The tomtate (scientific name:Haemulon aurolineatum) is a member of the grunt family (Family Haemulidae) that lives on coral reefs in the Western Atlantic Ocean and Caribbean Sea.
Tomtate. Source: ''Reef Fish Identification'', New World Publications © 1994
Kingdom: Animalia (Animals)
Tomtates range from 12.5 to 25.0 centimeters in length. Their silvery bodies have a yellow stripe that runs from the nose through the eye to the base of the tail and a second stripe running along their backs.They often have a large black splotch on the base of their tails.
They live in seagrass beds, sand flats, and patch reefs at depths from two to 30 meters.
Tomtates are generalist carnivores that feed on small crustaceans, mollusks, other benthic invertebrates, plankton, and algae. They ang around the reef during the daylight hours. At sunset, they travel to open water where they feed.
Because they feed at night, tomtates spend their days hiding under ledges or near the protection of the reef. They occasionally form sizable schools.
Tomtates are pelagic spawners. Their larvae enter the planktonic stage before settling in nursery area such as shallow back reefs or seagrass beds.
Studies at the Saba Reef, one of the richest fish assemblages in the Caribbean Basin, have indicated the chief threats to Haemulon aurolineatum and other reef fishes are overfishing and the residual impacts of the particular chemical dispersant used by the USA in the aftermath of the Deepwater Horizon oil spill; this chemical has high persistence and known toxicity to a gamut of marine fauna. Studies by Burke et al. suggest that concentrations of dispersant and other water pollutants are of particular concern in critical lagoon nurseries; these studies suggest that the toxicity of residual dispersant may be much more significant to reef fishes than the actual petroleum release of an underwater oil spill. The dispersant used in the Deepwater Horizon oil spill, Corexit 9500, is known to be much more toxic than the petroleum chemicals it is meant to disperse; moreover, the combined toxicity of Corexit 9500 and petroleum is more toxic to juvenile fish than either chemical set by itself.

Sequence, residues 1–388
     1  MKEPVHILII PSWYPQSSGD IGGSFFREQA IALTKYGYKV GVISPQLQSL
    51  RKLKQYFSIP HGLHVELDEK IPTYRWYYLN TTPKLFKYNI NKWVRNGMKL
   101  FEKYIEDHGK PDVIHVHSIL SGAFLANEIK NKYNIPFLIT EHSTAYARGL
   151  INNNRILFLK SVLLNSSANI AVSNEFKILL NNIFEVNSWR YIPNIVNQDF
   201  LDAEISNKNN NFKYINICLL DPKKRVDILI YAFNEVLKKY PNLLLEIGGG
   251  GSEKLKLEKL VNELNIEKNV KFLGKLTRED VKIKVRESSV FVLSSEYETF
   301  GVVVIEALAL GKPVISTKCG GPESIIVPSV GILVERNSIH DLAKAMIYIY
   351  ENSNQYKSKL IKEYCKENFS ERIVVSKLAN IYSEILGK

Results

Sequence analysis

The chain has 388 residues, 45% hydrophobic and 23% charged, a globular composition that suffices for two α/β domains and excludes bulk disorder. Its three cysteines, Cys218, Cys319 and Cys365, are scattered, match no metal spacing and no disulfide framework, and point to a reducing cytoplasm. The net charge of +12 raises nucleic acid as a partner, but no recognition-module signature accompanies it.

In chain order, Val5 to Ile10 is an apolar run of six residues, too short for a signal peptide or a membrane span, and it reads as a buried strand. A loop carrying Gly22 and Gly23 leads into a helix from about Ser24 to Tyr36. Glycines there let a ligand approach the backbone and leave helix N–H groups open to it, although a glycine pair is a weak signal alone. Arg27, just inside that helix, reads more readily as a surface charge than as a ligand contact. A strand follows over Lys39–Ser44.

Tomtates are not considered to be a taxon at risk by the IUCN; however, this lack of designation carries little meaning, since the IUCN has not evaluated threats to the species.
References and Further Reading
- J.S.Burke, W.J.Kenworthy and L.L.Wood. 2009. Ontogenetic patterns of concentration indicate lagoon nurseries are essential to common grunts stocks in a Puerto Rican bay. Worldwide Science.org
- Jeffrey T. Williams, Kent E. Carpenter, James L. Van Tassell, Paul Hoetjes, Wes Toller, Peter Etnoyer, Michael Smith. 2010. Biodiversity Assessment of the Fishes of Saba Bank Atoll, Netherlands Antilles. PloS One. 5(5): e10676.
- Encyclopedia of Life. Species curator: C.Michael Hogan. 2011. Haemulon aurolineatum Cuvier, 1830
- Humann, P. and N. Deloach (Editor), 1994. Reef Fish Identification: Florida, Caribbean, Bahamas. New World Publications, Inc. Jacksonville, FL. ISBN: 1878348078
- Deloach, N. 1999. Reef Fish Behavior, Florida, Caribbean, Bahamas. New World Publications, Inc. Jacksonville, FL. ISBN: 1878348280
- Laurier Lincoln Schramm. 2000. Surfactants: fundamentals and applications in the petroleum industry. Cambridge University Press. 621 pages